Many conservatives, myself included, find themselves in despair about the combination of Barack Obama’s reign of narcissism and the Republican opposition’s incapacities. We might take heart, however, in considering the possibility that the sandworm has begun to turn against The One. At least a few small signs indicate that Obama might have pushed his hyperactive self-regard too far.
Obama’s job approval, as per Gallup, has dropped from +13 to dead even — 46-46 — in just about a week. Even the rabidly liberal Bill Keller of the New York Times is slamming Obama’s handling of the sequester. Washington Post fact checker Glenn Kessler is giving Obama so many Pinocchios that Geppetto may need to work overtime to keep up with the demand. Joe Scarborough has taken time out from bashing conservatives to aim some serious blows at Obama as well. Bob Woodward is famously calling out Obama’s prevarications and his staff’s bully-boy tactics.
And Saturday Night Live is poking great fun at the Ego-in-Chief for “really hav[ing] no idea about how money works or budgets work.” It is when the comedians (Stewart, Leno) turn heavily on a politician that the politician really should start to worry.
It’s not only the sequester that is getting Obama into trouble. Even the foot-licking establishment media is getting tired of Obama’s disdain, as indicated not just by the Woodward flap but also by the relative conniption fit about lack of access to Obama’s golf round with Tiger Woods. And the ubiquity of the Obamas (Super Bowl interviews and Oscar announcements), combined with increasing public recognition of their extravagant lifestyles, may have finally begun to wear on the public’s patience. Even a celebrity-drenched culture eventually wants relief when individual celebrities intrude into too many areas of life.
Additionally, as the perspicacious Fred Barnes notes this week, even the New York Times, among others, also is looking askance at the half-million-dollar pay-to-play tactics of the new Obamite permanent campaign, Organizing for Action. As the liberal Fred Wertheimer of Democracy 21 put it on Monday, “Organizing for Action is a national scandal waiting to happen.”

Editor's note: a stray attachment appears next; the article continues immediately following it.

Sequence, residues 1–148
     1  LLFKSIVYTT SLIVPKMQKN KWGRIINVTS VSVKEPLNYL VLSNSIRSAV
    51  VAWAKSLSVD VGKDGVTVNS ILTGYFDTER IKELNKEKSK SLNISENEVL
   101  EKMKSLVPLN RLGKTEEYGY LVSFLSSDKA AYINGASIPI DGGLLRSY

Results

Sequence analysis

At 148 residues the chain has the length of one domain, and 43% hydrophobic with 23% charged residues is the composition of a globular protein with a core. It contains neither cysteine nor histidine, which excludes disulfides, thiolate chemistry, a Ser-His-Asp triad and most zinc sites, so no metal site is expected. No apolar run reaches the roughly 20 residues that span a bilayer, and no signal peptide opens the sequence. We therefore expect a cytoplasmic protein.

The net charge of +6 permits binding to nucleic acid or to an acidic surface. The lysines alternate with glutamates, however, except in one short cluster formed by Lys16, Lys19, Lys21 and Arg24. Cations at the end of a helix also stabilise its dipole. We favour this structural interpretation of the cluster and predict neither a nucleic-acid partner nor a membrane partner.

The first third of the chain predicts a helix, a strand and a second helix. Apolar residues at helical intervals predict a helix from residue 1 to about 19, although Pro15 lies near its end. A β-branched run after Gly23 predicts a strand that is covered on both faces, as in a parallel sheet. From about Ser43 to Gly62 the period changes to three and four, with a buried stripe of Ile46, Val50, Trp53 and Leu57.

Most substantively, our perpetually campaigning president is likely to start suffering again, as he did in 2010, from a public backlash against ObamaCare. When even uber-Democrat Donna Brazile starts complaining about her health-insurance premiums going up even if she can’t figure out that this is a failure of ObamaCare — it’s a sign that Americans are going to be increasingly unhappy with the prices, the options, or both, that result from the president’s health-care regime. Combine that with all of Obamacare’s taxes, including the fiercely uncompassionate medical device tax, and the new system’s eponymous creator is likely to bear the brunt of growing frustration, dissatisfaction, and anger.
Not that Obama seems to recognize this. His vast hubris, his insufferable imperiousness, and his ideological imperviousness to empirical evidence all combine to make him increasingly immune to constructive criticism. His second-term appointments — what an only intermittently political friend of mine described as Obama’s “Team of Lackeys” (as opposed to Lincoln’s famed Team of Rivals) — are horribly unlikely to challenge, even internally, the biases or edicts of their Oval Office overlord.
One gets the impression that Obama is only a small step or two removed from seeing himself as a real-life Kwisatz Haderach, the Dune messiah also known as Paul Muad’Dib, with intelligence and insight so far above ordinary mortals as to command obeisance. (“I think I could probably do every job on the campaign better than the people I’ll hire to do it.”) There’s something almost otherworldly, and not in a good way, about this man’s self-absorption and his assumption that his own wisdom is infallible and infinite. The American body politic to him is just a giant sandworm to be ridden and controlled to effect his own exalted sense of cosmic fairness.
Fortunately, James Madison, Roger Sherman, and company created for us a constitutional system that does not easily lend itself to political messianism. As ambition counteracts ambition, and as a multiplicity of interests continues to frustrate efforts at empire building, even the Obamessiah is now relegated to variations on a consistent, whiny refrain: “I’m not a dictator”; “I’m not a king”; “I’m not the emperor of the United States.” At some point, his frustration may well boil over in a way so unattractive as to finally make people wise us to the reality that, as Mark Levin puts it, Obama “is not a nice guy.”
Just the other day at lunch, a friend of mine, a businessman with good connections across the country, recounted a conversation he had with a Democratic insider while Obama was in the midst of his first presidential race. “It’ll take the American people five years,” said the insider, “to realize what Obama’s really about and what he’s really like.” Then, presumably, the public would catch on to his manifold defects.
That bit of insight from the insider came nearly five years ago. As my friend said, we may now be seeing the first cracks in Obama’s façade. The first signs of ultimate backlash may now be appearing. Obama is no Kwisatz Haderach. The sandworm may indeed turn against him.
That, by the way, is almost surely what Frank Herbert, the author of the Dune books, would want. As Herbert himself put it, his dream for a healthy society would be “to make a world where human kind can make its own future from moment to moment, free of one man’s vision.” And: “The bottom line of the Dune trilogy is: beware of heroes. Much better [to] rely on your own judgment, and your own mistakes.” In Obama’s world, of course, it is his judgment, via the apparatus of the state, that should always predominate. The American public, accustomed to more freedom than Obama would allow, may be starting to realize that Obama himself is the mistake.